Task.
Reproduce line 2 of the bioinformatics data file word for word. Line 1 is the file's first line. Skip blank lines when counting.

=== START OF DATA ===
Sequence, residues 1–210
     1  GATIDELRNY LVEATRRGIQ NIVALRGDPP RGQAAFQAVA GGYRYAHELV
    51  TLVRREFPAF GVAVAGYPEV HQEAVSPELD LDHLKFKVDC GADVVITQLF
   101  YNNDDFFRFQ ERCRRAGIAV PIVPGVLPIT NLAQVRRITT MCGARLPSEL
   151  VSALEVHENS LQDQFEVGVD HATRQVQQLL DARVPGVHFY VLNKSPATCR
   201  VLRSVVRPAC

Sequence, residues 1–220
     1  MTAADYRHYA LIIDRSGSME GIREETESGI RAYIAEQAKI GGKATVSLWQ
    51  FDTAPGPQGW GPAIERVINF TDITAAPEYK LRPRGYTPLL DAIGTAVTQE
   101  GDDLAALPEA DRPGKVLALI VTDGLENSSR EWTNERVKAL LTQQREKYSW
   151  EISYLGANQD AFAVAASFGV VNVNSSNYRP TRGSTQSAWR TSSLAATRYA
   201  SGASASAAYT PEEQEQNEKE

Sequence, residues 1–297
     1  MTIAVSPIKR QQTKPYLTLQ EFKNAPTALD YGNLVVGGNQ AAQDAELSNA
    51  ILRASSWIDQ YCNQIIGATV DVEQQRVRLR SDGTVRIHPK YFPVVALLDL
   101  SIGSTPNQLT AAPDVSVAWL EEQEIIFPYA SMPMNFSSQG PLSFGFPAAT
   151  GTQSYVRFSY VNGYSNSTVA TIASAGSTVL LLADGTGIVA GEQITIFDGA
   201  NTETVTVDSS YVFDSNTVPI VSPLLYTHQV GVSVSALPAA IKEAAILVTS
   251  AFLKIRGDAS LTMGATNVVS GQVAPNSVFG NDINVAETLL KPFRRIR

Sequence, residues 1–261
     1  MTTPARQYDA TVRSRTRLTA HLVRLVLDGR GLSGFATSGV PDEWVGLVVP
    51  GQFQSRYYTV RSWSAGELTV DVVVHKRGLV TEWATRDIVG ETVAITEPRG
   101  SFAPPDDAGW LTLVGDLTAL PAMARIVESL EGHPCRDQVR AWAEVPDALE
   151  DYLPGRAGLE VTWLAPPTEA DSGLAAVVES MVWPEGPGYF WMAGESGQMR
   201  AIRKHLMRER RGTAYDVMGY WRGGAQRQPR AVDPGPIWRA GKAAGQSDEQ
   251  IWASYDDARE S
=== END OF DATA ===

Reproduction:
     1  GATIDELRNY LVEATRRGIQ NIVALRGDPP RGQAAFQAVA GGYRYAHELV